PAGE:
I heard Les Arts Florissants playing Haydn symphony #87 on Jan 11, 2021 (the performance was filmed in Paris in October 2020). Haydn is not one of my favorite composers. Yes, his music is well made and he was an essential step on the way from Bach to Gluck to Mozart to Beethoven to those other dudes culminating in Wagner, Strauss, and the Second Viennese School, which is where I really live. But Haydn's music has rarely thrilled me. Still, I had to tune in because I’m so crazy for Les Arts Florissants and their founder and conductor, William Christie. Plus it was free and what else did I have to do?
As if to respond to my skepticism, Christie and first violinist Hiro Kurosaki did a little pre-show talk where they asked, “Why do we care about this music that was written so long ago?” Their answer: because it’s brilliant. OK.
I would describe this symphony as “brilliant” in the sense that it was filled with light - - it was sunny and smiling and radiated good health and wit. But I would not describe it as “brilliant” in the sense that it was genius. This is a chemical issue with me. I’d make the same statement about most of Mozart, another composer who I appreciate but don’t really love. I once shocked my dear friend Ethlouise by saying that the four hours of *Le Nozze di Figaro* could be neatly summarized in a 45-minute highlights CD.
But let me say this: the orchestra played it like it was genius! And that goes a long way. Their playing bristled with energy, it was a joy to hear. The first movement (Vivace) was charming, it got things moving in a nice way, it laid out the plans and got us involved. The second movement (Adagio) was when I really became engaged - - oh, that flute solo! Heaven! I had a suspicion that Les Arts Florissants was a period-style orchestra but I wasn't really sure I knew what I was talking about so I asked my expert friend, the great flutist Stephanie Jutt:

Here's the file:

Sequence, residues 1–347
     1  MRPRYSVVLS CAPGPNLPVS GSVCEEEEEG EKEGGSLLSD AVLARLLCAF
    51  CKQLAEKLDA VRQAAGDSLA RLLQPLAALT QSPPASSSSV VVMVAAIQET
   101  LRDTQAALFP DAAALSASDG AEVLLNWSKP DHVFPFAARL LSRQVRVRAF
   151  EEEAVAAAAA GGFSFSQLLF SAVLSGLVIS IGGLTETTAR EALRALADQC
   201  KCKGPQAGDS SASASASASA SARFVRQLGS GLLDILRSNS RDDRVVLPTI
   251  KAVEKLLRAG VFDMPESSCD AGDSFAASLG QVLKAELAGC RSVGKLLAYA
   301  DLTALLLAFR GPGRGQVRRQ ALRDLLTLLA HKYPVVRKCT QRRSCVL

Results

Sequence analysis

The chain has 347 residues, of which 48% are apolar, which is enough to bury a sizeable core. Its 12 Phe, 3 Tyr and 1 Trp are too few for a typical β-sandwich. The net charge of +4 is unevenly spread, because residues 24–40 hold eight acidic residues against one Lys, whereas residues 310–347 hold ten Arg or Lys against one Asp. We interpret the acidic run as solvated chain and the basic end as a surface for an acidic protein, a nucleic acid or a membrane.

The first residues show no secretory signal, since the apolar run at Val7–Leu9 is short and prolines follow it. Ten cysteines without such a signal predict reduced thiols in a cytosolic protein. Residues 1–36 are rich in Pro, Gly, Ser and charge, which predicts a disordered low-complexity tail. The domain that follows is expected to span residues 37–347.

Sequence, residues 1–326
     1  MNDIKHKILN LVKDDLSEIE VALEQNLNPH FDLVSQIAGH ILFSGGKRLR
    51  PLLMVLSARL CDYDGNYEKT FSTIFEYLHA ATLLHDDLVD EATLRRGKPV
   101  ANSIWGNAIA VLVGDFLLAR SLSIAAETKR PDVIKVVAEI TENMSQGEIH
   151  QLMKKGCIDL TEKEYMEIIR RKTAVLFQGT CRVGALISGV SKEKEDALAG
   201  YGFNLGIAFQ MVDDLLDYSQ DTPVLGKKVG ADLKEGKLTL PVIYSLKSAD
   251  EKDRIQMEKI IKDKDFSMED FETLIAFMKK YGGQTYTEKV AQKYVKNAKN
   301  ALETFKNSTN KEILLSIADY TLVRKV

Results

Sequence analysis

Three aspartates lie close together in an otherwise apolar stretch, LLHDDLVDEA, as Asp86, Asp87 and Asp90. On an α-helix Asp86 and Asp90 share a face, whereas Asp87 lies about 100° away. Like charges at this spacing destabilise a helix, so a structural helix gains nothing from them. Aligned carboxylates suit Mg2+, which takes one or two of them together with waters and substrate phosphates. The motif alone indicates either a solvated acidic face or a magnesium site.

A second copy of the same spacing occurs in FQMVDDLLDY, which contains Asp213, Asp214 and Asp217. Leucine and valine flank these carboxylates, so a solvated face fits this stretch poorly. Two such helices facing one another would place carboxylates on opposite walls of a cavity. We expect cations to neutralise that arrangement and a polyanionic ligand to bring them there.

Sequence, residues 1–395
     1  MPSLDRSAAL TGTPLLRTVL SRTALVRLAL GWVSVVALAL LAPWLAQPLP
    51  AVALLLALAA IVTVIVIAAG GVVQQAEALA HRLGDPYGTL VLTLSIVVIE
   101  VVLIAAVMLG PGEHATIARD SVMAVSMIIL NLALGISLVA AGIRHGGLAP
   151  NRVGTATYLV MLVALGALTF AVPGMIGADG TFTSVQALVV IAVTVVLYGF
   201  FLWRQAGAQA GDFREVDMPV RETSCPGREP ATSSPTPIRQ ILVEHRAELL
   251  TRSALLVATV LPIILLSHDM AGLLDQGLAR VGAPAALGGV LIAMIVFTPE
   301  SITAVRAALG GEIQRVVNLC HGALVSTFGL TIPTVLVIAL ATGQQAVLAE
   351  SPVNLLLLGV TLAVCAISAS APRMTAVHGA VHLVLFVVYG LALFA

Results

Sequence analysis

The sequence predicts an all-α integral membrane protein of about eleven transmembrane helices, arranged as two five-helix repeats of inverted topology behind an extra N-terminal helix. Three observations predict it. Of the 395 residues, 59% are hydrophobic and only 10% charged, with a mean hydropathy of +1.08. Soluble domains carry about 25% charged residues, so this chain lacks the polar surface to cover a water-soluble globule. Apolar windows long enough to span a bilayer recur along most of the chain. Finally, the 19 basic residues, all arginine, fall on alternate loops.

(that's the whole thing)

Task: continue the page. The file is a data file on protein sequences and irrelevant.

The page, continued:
Q: Do the players in Les Arts Florissants play 18th century instruments or modern instruments built like 18th century instruments? Or a combo?
A: Combo. Likely string instruments are a mix of old and new but they all play with gut strings (as opposed to steel). Most if not all wind instruments are Baroque replicas.
Thank you, Stephanie, for sharing your knowledge with all of us!
The third movement (Menuet) was darling, it was really a dance, which is what it should be. Again, some delicious wind solos. The final movement (Vivace) was similar to the first movement, it trucked along without making much of an impact but then there was a French horn solo and a bassoon solo, both of which filled me with joy.
What a treat, the whole concert is on YouTube (at least for a while):